I swear, I'm going to switch to a format that doesn't require daily titles.

11 May 2002

Good morning. I "slept in" this morning: 7:00. Ooooh. Many errands and good things yesterday. Running about. Getting Timprov's back fixed was the highlight, I think. Dr. Bill said he'd never seen it so bad, and Timprov had to agree. So. Good to have it fixed. Yay for Dr. Bill.

I finished The Golden Thread, and I have to tell you guys: I don't remember any of this book. There are cetaceans in this book. I don't remember those at all. I would have thought they'd make an impact, being rather large and, well, plotty, but it was all new to me. Which is good in some ways, I suppose, and I liked it, albeit less well than the others. I'm frustrated, because it seems clear that Charnas is done with these characters and this world, but they were only barely getting started at the end of The Golden Thread. And I doubt that she's going to be willing to do new books POD with Wildside...but maybe if she started a new series with the same characters and this was, like, the prequel series....

I still need to write to Madeleine L'Engle and tell her to write about Charles Wallace as an adult. These authors of my childhood -- falling down on the job while my back is turned.

Of course, both L'Engle and Charnas have been doing a few things in the interim....

I started reading The Lives of Christopher Chant by Diana Wynne Jones -- after the sort of week I've had, I'm in the mood for rather straightforward fiction just now. Anyway, I'm enjoying Christopher Chant quite a bit. I'm glad I started reading Diana Wynne Jones. I just can't figure out why I never discovered her when I was a kid. I definitely need to go to the library, but my week has had rather more urgent needs in it. And while I could go today, Mark isn't home that much while he's doing this policy seminar as well as his normal PhD work and job, and I'd rather not go wandering off for something that isn't really immediately necessary to anyone.

So the big question for yesterday in the Not The Moose Book was the relationship of Ansa to the others. Ansa was the most recent POV character, and while I've added a few people who are relevant specifically to her life, this is going to be a huge enough book with enough characters in it that I don't want to add more of the other characters just to flesh her out. On the other hand, she's been doing things more than she's been interacting with people, and that's not really very interesting unless I deal with her not interacting with people. So I've been dealing with it.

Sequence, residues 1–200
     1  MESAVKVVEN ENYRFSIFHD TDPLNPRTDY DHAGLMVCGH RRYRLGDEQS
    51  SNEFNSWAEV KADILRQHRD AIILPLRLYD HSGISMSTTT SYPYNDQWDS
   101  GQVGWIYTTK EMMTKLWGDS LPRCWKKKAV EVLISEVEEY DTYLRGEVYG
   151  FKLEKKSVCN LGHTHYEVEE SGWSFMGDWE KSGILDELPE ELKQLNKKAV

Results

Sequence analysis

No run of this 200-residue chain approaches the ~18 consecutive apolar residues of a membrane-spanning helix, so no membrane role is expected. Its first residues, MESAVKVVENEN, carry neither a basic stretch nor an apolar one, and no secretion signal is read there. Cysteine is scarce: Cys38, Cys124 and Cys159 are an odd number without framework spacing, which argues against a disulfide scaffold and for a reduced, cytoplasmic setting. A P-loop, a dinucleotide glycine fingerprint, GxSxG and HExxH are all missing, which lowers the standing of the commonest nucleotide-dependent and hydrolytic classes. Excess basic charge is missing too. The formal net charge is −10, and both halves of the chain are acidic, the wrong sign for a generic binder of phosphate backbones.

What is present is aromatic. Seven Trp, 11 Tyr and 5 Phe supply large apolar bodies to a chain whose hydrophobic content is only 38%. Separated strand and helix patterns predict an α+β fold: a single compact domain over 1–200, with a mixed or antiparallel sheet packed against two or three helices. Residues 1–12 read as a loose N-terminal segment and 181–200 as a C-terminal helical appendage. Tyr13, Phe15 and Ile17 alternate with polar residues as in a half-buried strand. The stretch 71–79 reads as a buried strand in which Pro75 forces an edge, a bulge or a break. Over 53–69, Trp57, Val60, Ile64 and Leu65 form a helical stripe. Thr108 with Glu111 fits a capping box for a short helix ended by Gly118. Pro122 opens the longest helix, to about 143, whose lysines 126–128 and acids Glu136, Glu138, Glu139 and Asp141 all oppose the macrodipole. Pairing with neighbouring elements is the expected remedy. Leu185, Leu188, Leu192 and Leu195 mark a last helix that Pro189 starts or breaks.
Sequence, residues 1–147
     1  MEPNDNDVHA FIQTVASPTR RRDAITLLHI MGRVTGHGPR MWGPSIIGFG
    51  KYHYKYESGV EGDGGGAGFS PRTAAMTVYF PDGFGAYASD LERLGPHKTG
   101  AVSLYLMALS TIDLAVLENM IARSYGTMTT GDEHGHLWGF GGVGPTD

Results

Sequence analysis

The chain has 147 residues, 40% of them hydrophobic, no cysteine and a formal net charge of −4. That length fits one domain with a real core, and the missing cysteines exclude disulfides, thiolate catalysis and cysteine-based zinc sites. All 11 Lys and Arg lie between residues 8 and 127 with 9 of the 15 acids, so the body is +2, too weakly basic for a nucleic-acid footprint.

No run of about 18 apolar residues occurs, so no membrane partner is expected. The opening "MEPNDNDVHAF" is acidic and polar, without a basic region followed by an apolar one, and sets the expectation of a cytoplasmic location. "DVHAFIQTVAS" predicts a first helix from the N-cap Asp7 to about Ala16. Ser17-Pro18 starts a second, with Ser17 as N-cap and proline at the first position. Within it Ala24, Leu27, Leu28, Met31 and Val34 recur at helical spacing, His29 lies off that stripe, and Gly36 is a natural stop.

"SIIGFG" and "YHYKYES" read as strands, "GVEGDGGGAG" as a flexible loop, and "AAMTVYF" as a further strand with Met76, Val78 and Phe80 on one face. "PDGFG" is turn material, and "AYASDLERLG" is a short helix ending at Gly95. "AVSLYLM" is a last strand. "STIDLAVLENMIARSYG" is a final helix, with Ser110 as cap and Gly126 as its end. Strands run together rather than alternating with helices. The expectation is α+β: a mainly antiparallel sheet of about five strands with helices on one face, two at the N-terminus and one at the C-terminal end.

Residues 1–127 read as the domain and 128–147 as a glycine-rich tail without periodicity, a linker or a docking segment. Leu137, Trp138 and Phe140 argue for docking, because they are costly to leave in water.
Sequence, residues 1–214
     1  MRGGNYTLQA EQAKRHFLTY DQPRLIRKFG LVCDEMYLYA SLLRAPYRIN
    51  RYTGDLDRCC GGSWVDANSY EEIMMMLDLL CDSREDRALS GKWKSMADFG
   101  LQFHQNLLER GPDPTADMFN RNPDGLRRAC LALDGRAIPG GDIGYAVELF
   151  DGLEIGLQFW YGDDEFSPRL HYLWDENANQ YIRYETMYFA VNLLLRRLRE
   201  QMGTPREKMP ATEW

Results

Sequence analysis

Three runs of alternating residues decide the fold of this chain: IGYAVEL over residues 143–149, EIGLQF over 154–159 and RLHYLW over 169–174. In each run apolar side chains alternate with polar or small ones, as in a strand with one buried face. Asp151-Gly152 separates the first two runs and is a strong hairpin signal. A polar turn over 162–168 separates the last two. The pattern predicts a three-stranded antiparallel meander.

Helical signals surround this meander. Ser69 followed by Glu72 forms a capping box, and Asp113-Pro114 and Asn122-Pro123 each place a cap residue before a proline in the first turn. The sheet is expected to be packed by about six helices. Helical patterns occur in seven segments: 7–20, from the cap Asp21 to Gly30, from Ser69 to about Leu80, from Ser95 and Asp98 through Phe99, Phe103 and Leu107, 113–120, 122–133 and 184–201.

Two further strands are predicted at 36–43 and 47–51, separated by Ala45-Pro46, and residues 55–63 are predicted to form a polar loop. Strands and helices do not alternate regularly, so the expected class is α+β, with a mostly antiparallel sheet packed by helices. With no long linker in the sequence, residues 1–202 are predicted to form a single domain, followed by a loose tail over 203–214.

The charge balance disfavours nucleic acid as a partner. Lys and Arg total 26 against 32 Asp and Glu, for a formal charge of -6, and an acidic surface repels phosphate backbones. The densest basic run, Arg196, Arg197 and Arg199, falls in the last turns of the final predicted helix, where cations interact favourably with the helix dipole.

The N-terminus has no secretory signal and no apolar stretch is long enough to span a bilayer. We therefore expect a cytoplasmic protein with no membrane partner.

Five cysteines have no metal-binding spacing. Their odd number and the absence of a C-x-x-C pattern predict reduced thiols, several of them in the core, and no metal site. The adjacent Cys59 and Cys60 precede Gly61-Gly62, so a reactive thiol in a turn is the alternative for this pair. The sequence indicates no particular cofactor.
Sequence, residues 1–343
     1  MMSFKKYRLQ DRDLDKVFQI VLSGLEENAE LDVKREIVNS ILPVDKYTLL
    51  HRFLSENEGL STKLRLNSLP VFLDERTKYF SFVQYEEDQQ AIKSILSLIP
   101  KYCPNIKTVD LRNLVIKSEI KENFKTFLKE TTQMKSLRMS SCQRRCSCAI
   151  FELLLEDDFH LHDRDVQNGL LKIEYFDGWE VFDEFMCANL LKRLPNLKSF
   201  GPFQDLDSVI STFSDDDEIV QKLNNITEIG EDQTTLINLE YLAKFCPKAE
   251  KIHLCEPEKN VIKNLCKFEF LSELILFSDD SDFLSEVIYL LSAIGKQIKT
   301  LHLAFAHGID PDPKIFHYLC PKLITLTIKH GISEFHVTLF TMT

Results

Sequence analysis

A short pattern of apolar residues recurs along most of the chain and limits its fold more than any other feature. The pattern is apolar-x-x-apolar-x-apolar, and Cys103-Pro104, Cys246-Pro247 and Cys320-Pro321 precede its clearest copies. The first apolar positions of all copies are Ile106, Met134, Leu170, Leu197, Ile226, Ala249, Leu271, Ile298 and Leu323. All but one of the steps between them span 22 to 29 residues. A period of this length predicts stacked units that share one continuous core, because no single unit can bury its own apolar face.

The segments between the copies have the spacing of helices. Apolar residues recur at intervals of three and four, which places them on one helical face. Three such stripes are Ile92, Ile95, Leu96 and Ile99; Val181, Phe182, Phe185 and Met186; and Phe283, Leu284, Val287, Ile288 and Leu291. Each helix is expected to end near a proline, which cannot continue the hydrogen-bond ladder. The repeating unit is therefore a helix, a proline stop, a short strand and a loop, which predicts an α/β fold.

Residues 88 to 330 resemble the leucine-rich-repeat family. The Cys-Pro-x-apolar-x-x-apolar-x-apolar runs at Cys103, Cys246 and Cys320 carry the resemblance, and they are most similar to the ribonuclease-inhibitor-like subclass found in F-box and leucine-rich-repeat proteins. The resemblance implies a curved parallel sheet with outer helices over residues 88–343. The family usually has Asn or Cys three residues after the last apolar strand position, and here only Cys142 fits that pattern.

One of the most interesting things for me has been that this is not only in the aftermath of WWII and some horrible war reparations paid to the USSR, but it's also in the aftermath of being allied with Nazi Germany. Finland took in German Jewish refugees, and the average Finn had very little idea, if any, what specifically was going on in the concentration camps, from what I can find out. They knew that Jews were being treated very poorly, but they didn't know how poorly. The problem is, my characters aren't average Finns. They have special magic powers. They have no excuse for not knowing what's going on down on the continent. On the other hand, they also know what's going on in Soviet Russia under Stalin. So. What do they do, with all of the knowledge they have, and with some fairly sharply limited forms of power? And how do they deal with themselves in the aftermath, when paying reparations to the USSR meant that many Finns were baking tree bark into bread to avoid starving? How my characters resolve those problems feeds into who's on whose side on seemingly unrelated issues, later on.

Politics. In a very small group of people who know each other very well. Fascinating stuff. Bujold's advice for plotting is to figure out what the worst thing is that can happen to your main character, then do it. That works, but I think that finding the hardest questions for your characters to answer is also an interesting one.

Ah well. So that's what I've been doing lately. And this morning, eating breakfast, reading the paper, etc. The high school vice-principal who did a thong check claimed, "This was a safety issue. It was not a choice-of-underwear issue." Riiiiight. A safety issue. Those thongs were popping out and snapping people in the eyes, was it? Or there were some terminal wedgies last year? Three deaths due to wedgie-related trauma?

No, actually the safety issue Ms. Wilson was worried about was the possibility that young women might expose themselves while dancing. So in the interests of safety, she exposed them before they could start dancing.

If I'd gone to that school, that woman would have committed hara kiri already, rather than face my mother. I guarantee it.

There was a gas leak on Mission (the major road nearest our place) yesterday, so it was closed from our street to the next major one south. Other than that, it's not very exciting around here. We all work, and read, and we watched VH1's "top 100 one-hit wonders" last night, and I'm going to make some blueberry muffins, I think. No great thrills, but things could be a lot worse.

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